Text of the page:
Sunday, October 11, 2009

Mommy Yell-est

My name is Jenny Huizinga and I yell at my kids. O.k., there, I've admitted it. I don't yell everyday, but it happens. And I am not proud of it.

I don't start out yelling. It usually goes like this:

"Honey, please go put your shoes on."
"Honey, put your shoes on, please."
"Please go get your shoes on."
"Go get your shoes on now please."
"Your shoes!"
"Get your shoes on!!"
"What are you doing??? Get your shoes on now!!!"

You get the picture. By the end there is no "honey" and certainly no "please". And by then, my daughter or son is in a foul mood, and so am I. Plus, I also get to feel guilty about the whole encounter. Often, during the actual yelling part, I have sort of an out-of-body experience. It's like I am floating above, seeing myself hollering, all the while thinking - hmmmm.... this doesn't seem to be working. Unfortunately, even though the good me can see that the yelling me is being counter-productive, it's hard to make the real me take a breathe and go to my "happy place."

Am I the only mom in the world who yells? I doubt it. (Thanks to TLC I'm sure there's footage of Kate Gosselin yelling at her brood). But it still makes you feel a little like Mommy Dearest when you do have those moments. How do you stop? That's that the million dollar question.

As much as I'd like to think that if my kids would just listen to me all would be well, that's just not realistic. It's a mother's pipe dream. I hate to admit it, but I'm part of the problem. When I sit down and analyze my peak yelling periods, it usually coincides with us being late for something or in a hurry to be somewhere.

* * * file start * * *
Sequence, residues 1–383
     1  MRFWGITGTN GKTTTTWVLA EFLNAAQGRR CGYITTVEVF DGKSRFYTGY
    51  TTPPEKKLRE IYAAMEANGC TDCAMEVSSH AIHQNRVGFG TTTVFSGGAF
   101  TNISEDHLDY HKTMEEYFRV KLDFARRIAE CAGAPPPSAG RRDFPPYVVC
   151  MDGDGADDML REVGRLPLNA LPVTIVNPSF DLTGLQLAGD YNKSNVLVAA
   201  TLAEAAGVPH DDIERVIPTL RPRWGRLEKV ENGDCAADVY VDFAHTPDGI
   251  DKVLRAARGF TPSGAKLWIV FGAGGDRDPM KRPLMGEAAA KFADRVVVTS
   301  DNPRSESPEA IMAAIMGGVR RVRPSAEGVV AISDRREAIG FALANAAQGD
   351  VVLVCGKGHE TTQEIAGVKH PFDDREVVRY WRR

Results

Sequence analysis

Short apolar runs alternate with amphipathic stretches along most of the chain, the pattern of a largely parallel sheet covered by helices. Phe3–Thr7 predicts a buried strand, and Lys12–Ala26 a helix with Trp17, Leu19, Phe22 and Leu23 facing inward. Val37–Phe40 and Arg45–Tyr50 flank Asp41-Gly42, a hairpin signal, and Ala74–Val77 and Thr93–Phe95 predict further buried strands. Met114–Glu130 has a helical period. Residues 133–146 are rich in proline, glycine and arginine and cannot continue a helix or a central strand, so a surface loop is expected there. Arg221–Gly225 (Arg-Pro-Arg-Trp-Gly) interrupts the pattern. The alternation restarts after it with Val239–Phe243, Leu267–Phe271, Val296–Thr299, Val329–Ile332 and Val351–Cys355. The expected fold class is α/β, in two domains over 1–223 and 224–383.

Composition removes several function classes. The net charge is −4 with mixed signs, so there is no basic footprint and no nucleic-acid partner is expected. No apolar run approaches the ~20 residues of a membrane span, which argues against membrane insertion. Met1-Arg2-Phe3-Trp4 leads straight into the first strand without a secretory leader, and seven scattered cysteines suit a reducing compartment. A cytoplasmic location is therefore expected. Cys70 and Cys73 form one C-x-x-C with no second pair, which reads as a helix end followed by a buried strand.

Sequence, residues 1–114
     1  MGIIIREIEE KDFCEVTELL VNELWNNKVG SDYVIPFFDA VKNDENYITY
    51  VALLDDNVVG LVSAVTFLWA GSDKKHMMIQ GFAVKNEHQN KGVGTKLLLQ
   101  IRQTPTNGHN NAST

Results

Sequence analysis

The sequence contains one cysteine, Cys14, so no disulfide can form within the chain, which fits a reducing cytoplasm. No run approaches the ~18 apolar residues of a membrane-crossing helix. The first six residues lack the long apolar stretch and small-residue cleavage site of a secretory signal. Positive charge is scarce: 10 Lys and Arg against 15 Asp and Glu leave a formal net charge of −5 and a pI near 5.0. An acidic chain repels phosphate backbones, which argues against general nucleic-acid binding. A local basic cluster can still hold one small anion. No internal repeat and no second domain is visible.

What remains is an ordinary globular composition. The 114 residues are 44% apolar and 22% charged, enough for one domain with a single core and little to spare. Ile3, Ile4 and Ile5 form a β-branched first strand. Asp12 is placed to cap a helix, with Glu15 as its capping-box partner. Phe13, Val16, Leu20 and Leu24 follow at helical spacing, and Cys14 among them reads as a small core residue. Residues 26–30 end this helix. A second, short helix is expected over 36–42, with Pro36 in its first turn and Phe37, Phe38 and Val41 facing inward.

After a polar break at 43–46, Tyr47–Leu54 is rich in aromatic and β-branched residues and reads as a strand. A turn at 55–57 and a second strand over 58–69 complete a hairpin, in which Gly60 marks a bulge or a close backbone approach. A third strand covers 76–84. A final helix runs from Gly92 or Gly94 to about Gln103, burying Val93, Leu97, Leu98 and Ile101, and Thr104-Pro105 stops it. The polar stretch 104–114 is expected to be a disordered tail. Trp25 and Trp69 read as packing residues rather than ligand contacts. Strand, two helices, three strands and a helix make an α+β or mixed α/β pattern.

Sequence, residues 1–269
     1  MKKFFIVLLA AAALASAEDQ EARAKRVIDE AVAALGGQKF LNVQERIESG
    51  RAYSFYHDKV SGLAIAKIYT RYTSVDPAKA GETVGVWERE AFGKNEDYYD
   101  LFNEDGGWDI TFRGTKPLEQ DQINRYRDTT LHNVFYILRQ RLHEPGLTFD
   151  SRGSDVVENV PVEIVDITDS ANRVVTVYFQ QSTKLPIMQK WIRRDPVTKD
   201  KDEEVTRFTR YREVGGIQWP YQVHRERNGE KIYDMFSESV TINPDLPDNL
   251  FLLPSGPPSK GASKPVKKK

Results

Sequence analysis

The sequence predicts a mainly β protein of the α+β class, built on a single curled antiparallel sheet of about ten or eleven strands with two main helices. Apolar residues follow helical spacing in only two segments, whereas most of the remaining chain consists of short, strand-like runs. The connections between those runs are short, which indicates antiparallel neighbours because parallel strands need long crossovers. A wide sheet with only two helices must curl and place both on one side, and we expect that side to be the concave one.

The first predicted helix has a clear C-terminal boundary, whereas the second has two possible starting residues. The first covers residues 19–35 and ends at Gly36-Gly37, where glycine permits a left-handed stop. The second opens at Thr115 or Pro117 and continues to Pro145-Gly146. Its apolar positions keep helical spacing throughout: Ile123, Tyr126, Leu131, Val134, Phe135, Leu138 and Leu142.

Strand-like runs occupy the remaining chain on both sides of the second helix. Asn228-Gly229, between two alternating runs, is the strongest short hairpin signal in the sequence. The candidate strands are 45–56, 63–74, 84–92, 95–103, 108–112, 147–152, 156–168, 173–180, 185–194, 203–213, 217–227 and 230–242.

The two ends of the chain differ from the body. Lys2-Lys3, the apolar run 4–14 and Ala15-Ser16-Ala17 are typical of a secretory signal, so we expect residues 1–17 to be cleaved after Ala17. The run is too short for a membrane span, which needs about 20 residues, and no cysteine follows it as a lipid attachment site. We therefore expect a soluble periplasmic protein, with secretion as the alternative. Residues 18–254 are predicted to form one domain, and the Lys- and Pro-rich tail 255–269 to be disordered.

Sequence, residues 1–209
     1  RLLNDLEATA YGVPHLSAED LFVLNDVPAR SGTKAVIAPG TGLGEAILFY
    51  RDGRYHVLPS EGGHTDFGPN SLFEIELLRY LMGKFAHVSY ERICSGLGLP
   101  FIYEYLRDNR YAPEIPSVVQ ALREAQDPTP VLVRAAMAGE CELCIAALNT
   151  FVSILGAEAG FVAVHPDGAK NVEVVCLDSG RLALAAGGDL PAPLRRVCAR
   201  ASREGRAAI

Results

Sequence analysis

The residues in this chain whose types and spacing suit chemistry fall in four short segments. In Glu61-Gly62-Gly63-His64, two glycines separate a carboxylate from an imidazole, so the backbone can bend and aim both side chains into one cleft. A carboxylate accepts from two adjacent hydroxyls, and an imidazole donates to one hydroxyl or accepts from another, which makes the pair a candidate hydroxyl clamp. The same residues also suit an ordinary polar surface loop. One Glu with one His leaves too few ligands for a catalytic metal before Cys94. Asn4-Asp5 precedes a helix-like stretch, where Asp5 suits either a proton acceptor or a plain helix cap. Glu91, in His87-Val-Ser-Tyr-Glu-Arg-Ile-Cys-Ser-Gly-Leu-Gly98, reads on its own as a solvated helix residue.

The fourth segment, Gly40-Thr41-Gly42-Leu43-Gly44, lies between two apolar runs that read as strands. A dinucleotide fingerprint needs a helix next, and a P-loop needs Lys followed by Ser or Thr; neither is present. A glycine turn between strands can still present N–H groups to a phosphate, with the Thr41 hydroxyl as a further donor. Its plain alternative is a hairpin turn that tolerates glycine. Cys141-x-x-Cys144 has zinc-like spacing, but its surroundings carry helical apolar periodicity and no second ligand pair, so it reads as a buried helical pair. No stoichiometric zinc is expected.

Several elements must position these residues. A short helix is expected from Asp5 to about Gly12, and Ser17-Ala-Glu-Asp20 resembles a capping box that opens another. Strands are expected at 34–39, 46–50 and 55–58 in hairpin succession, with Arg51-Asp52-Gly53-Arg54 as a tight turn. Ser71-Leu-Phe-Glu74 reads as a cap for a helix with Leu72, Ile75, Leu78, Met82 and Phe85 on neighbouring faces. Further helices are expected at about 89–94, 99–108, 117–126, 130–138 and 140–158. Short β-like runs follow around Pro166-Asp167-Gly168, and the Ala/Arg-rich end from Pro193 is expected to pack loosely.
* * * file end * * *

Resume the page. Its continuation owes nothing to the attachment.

One of the moms from Caitlyn's class told me that she had a new mantra for parenting - "hurry is the enemy of love". The idea that I could be hurting those I love by always rushing them hit me hard. How many times a day do we tell our kids to hurry up? I know I say it a lot! Sometimes I'm even the reason we're hurrying - letting them sleep in so I can get some housework done first, talking to my Mom on Skype, searching for my keys. Does all this rushing get us anywhere? Not really.

After yelling at the kids to get their shoes and backpacks on, and rushing them off to school, Caitlyn was early and Jack's class hadn't even started. In Jack's class no one even noticed we were late. All that was accomplished was tears, frustration, and a future requirement for psychological counselling. But seriously, none of us was "feeling the love" and that's not good. God forbid if anything happened to one of us, I wouldn't want my last words to be ones of admonishment, especially about something as silly as shoes.

From now one, I'll work on limiting the use of the words "hurry up" in my vocabulary and remember that the world will not end if we are late. And if I do lose it - at least I'm not on reality T.V.!


  1. Amen to not being on reality TV! I don't want my actions, when I reach the limits of my frustration, recorded for all of posterity to evaluate.

    I am sometimes not proud of my reactions but accept that I am not perfect. I then make a conscious effort to do it differently, and maybe better, next time. I also think it's good for kids to see how you correct your wrongs. I've said, "Sorry sweetie, that was wrong of mommy to yell at you and I apologize." And in that case, I like to think a bit of humility had just been taught.

  2. Glad to know I'm not the only one who has to apologize!